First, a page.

My Two Cents: Compassion, burn out and veterinary medicine

02 May My Two Cents: Compassion, burn out and veterinary medicine

by Walter Clark, DVM, DABVP






“Working hard for something we don’t care about is called stress.
Working hard for something we love is called passion.”
– Simon Sinek

Adam Grant thinks that people can fall into one of three categories: givers, matchers, and takers. A giver will put off what she is doing to help someone else in the company with a project or task. In the short term, the giver’s productivity may suffer (she put her work on the back burner to help out a colleague), but in the long term, a giver can make the business more productive and run more smoothly.

A matcher is someone that will also help out a coworker, but expects something in return. Quid pro quo. And a taker is self-explanatory and they LOVE givers.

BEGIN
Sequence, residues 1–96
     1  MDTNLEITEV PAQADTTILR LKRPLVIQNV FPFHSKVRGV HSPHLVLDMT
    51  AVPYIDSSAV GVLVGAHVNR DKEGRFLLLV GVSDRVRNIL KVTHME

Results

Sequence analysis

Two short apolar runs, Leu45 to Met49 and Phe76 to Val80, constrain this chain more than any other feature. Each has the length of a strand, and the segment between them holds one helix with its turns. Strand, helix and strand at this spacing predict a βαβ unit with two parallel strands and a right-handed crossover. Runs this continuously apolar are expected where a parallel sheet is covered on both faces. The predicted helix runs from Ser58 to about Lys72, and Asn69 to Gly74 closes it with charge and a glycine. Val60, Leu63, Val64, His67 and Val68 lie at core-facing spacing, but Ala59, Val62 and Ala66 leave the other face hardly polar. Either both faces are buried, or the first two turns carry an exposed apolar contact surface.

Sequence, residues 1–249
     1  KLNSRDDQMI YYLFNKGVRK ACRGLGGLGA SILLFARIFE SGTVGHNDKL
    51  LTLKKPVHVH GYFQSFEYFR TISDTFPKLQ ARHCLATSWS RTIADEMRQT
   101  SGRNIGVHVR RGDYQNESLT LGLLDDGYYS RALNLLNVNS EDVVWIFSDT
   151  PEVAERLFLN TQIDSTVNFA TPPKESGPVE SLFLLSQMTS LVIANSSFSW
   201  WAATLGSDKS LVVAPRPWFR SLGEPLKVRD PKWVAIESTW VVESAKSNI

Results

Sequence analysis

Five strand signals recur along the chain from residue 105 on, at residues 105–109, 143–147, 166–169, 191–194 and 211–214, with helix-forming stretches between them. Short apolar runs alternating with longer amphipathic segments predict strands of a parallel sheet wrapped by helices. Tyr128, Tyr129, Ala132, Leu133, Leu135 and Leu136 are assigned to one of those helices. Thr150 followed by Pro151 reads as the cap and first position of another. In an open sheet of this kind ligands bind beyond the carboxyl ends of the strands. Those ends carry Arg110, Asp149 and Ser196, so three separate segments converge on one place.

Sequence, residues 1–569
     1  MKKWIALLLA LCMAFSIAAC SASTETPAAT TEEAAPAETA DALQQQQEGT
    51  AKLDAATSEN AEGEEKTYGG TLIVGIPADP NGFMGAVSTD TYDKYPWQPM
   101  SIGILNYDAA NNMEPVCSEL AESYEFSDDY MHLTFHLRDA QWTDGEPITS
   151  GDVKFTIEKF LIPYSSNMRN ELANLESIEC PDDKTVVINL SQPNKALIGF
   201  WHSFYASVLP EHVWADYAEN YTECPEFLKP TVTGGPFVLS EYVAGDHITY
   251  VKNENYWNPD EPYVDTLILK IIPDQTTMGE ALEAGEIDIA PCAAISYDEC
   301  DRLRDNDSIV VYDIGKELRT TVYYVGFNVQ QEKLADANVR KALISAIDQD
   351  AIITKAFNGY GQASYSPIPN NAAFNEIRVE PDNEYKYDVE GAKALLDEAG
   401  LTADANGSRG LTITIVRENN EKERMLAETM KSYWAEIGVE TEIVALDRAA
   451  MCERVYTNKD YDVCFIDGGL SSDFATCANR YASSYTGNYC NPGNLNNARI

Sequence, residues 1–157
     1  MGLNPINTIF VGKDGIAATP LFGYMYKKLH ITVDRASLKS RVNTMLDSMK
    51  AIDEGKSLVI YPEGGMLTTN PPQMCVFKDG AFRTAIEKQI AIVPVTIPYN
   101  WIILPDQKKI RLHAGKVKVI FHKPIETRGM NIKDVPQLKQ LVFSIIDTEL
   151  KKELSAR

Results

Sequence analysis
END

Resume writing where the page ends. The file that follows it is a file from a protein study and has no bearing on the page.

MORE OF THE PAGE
I made the case in our last issue that many veterinarians would fall into the category of “givers.” I speculated that our propensity to giving might be contributing to the burnout issues (and other stress related issues) that affect our profession.

At the AVMA Business and Economic Forum 2021, Clinton Neill, PhD, assistant professor at Cornell University College of Veterinary Medicine’s Center for Veterinary Business and Entrepreneurship described burnout as one of the top challenges facing veterinary medicine. His group has calculated that burnout costs the veterinary profession $1 billion a year in lost
revenue. These lost revenues are made up, in large part, from employee turnover and reduced working hours.

In addition, according to Dr. Neill, if you add in veterinary technician burnout to the economic equation, the lost revenue figure may approach $1.9 billion a year.